Jeremy Lin chatting with Wataru Misaka, the first Asian American NBA player. As I wrote back in 2009:
Three years before African Americans were allowed into the league and the same year Jackie Robinson joined the Brooklyn Dodgers, Japanese American Watura Misaka was drafted in the first round by the New York Knicks. He later served in the US Army stationed in Hiroshima three months after the atomic bomb devastated that city.
During the inauguration coverage, you may have noticed an Asian guy sitting with the Obama family and thus frequently displayed. Who is he? He is the First Brother-in-Law! Konrad Ng is married to Barack Obama’s half-sister, Maya Soetoro-Ng. Check out the diversity of Obama’s immediate and extended family in this New York Times graphic.
The US won the 2008 Ryder Cup, a golf match between European and American teams, for the first time in 9 years thanks in large part to its rookies, particularly Korean American golfer and LA native Anthony Kim who got the tournament off on the right foot for Americans by unnerving and beating Sergio Garcia.
Indeed, it was Kim who dominated perhaps the most feared European player, defeating García, 5 and 4. García was clearly demoralized and out of the match early, and with players from the other teams watching on television as they waited to tee off, García’s slumped shoulders and desperate scowls served to bolster the Americans.
Kim declined to concede a couple of short García putts in the opening holes, which seemed to irk García, who then hit consecutive shots in the water fronting the seventh hole. On the 11th green, he missed a crucial 2-foot putt as Kim watched nearby.
Read more here.
My friend Jason Chew (who directed my short previously) is among one of three finalists in the 2008 Trailer Contest by DC APA Film Festival and sponsored by Scion. Although I’m biased I think it’s really clever and damn good!
Check it out and vote for him, Jason Chew at the APA website now!
Way to go Chew!
The Angry Asian Man brought my attention to a well written article that does a great job of outlining the unique problems and challenges faced by Asian American students today on all college campuses from the elites, such as Princeton to the state schools like most recently at University of Colorado where the pretense of “satire” has provided an oft convenient vehicle for attacking Asian American classmates with racial stereotypes, images, and symbols. While browsing through the reader comments for some of these essays, I found this to be the most frequent response from defenders: B-b-but First Amendment! I feel that when these people first learned about our constitution, they listened to only the first five minutes of the lecture and then left class or fell asleep. And afterwards, never ever took another history, political science or government class again.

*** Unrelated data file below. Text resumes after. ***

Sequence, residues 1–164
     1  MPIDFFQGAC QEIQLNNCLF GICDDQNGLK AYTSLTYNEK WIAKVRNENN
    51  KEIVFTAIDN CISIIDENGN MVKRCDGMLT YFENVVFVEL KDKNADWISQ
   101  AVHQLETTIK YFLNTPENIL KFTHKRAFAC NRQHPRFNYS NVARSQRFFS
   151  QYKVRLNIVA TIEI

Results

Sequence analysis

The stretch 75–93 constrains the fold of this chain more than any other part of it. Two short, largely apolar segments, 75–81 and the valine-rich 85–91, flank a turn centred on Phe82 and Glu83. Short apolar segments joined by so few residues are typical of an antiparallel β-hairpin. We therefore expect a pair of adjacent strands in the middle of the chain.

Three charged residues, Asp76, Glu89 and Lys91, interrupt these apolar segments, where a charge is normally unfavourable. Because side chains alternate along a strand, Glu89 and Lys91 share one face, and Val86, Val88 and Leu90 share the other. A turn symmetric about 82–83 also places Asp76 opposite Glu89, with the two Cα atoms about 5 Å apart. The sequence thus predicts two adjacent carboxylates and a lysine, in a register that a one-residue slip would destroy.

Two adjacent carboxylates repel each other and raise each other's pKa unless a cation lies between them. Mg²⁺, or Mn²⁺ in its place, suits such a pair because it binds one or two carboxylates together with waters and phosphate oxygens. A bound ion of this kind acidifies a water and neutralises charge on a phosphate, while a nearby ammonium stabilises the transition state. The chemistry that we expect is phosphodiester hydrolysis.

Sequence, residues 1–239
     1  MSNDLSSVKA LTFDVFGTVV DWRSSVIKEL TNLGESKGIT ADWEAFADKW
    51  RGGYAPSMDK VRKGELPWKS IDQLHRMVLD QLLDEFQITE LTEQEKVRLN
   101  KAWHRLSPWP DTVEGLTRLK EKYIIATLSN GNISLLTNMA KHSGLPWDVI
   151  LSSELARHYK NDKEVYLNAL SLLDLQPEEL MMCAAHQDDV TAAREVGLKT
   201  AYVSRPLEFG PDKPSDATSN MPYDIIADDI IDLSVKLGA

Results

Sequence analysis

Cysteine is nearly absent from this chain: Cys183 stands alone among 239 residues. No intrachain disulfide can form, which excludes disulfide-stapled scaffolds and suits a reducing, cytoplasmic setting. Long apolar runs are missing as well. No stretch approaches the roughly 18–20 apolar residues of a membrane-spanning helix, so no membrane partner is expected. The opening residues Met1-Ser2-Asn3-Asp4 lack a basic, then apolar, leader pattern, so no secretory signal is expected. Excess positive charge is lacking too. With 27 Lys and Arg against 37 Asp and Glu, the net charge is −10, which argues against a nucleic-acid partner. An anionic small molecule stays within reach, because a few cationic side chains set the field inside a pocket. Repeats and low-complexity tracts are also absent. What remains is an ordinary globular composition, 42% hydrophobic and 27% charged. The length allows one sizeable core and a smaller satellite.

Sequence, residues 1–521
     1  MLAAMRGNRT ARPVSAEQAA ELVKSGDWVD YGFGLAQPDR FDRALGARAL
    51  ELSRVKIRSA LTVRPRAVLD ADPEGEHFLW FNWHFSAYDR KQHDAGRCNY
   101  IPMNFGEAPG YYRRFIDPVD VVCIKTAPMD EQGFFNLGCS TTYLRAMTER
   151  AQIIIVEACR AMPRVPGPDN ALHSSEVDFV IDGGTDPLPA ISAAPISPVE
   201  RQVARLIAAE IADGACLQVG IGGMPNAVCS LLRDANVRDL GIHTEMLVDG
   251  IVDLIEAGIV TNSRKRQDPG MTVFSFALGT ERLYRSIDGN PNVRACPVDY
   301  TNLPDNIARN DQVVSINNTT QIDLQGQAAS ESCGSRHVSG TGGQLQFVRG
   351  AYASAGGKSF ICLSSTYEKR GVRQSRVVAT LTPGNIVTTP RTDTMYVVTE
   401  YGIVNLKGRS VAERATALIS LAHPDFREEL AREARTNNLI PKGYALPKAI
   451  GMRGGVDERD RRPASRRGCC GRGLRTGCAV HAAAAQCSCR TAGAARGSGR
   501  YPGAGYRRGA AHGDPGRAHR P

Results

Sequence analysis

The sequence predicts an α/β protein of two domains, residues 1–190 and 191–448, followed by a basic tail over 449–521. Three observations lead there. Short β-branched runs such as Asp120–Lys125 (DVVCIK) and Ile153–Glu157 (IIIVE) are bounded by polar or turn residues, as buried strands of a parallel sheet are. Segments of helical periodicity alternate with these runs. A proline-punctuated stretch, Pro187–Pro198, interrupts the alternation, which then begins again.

Imagine for a minute if student leaders at elite college campuses devoted themselves to mocking black people or Jewish people or gay people. I’m not talking about drunk students posting pictures of their offensive parties on Facebook, but student newspaper editors – thought of as being both smart and progressive – giving space over for the sole purpose of making fun of people because of their background. It’s hard to imagine. And yet recently this phenomenon of racial caricatures as “satire” has emerged with Asian Americans as the object of the jokes.
This commercial for CareerBuilder.com is great. I love the deadpan acting by the actor. And to get on my soapbox once more, I just want to say how refreshing it is to see an Asian actor playing a non-stereotypical role. Although part of the appeal and humor in the ad for me is the very fact an Asian actor is playing a non-stereotypical or racist character.
Writers, directors, casting people and everyone involved in popular media,
Please use a little bit imagination and vision to open roles for Asians that are…normal. Please? It doesn’t take much, it doesn’t take much.
Boy Meets Blog